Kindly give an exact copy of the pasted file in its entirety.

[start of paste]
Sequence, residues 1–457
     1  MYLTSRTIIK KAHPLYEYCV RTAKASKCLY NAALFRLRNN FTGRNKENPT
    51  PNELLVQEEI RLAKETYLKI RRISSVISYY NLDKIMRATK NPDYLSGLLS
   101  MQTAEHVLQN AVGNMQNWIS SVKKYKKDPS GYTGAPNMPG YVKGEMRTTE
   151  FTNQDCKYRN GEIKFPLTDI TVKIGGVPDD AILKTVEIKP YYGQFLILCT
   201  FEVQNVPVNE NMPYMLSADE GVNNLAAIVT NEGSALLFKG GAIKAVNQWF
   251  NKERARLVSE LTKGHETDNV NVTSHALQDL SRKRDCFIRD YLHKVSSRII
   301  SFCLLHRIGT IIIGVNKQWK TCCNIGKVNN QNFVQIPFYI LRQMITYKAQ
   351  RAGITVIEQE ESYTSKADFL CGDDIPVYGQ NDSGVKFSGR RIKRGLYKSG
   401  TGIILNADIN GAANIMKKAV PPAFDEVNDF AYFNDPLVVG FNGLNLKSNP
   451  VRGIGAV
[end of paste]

Sequence, residues 1–457
     1  MYLTSRTIIK KAHPLYEYCV RTAKASKCLY NAALFRLRNN FTGRNKENPT
    51  PNELLVQEEI RLAKETYLKI RRISSVISYY NLDKIMRATK NPDYLSGLLS
   101  MQTAEHVLQN AVGNMQNWIS SVKKYKKDPS GYTGAPNMPG YVKGEMRTTE
   151  FTNQDCKYRN GEIKFPLTDI TVKIGGVPDD AILKTVEIKP YYGQFLILCT
   201  FEVQNVPVNE NMPYMLSADE GVNNLAAIVT NEGSALLFKG GAIKAVNQWF
   251  NKERARLVSE LTKGHETDNV NVTSHALQDL SRKRDCFIRD YLHKVSSRII
   301  SFCLLHRIGT IIIGVNKQWK TCCNIGKVNN QNFVQIPFYI LRQMITYKAQ
   351  RAGITVIEQE ESYTSKADFL CGDDIPVYGQ NDSGVKFSGR RIKRGLYKSG
   401  TGIILNADIN GAANIMKKAV PPAFDEVNDF AYFNDPLVVG FNGLNLKSNP
   451  VRGIGAV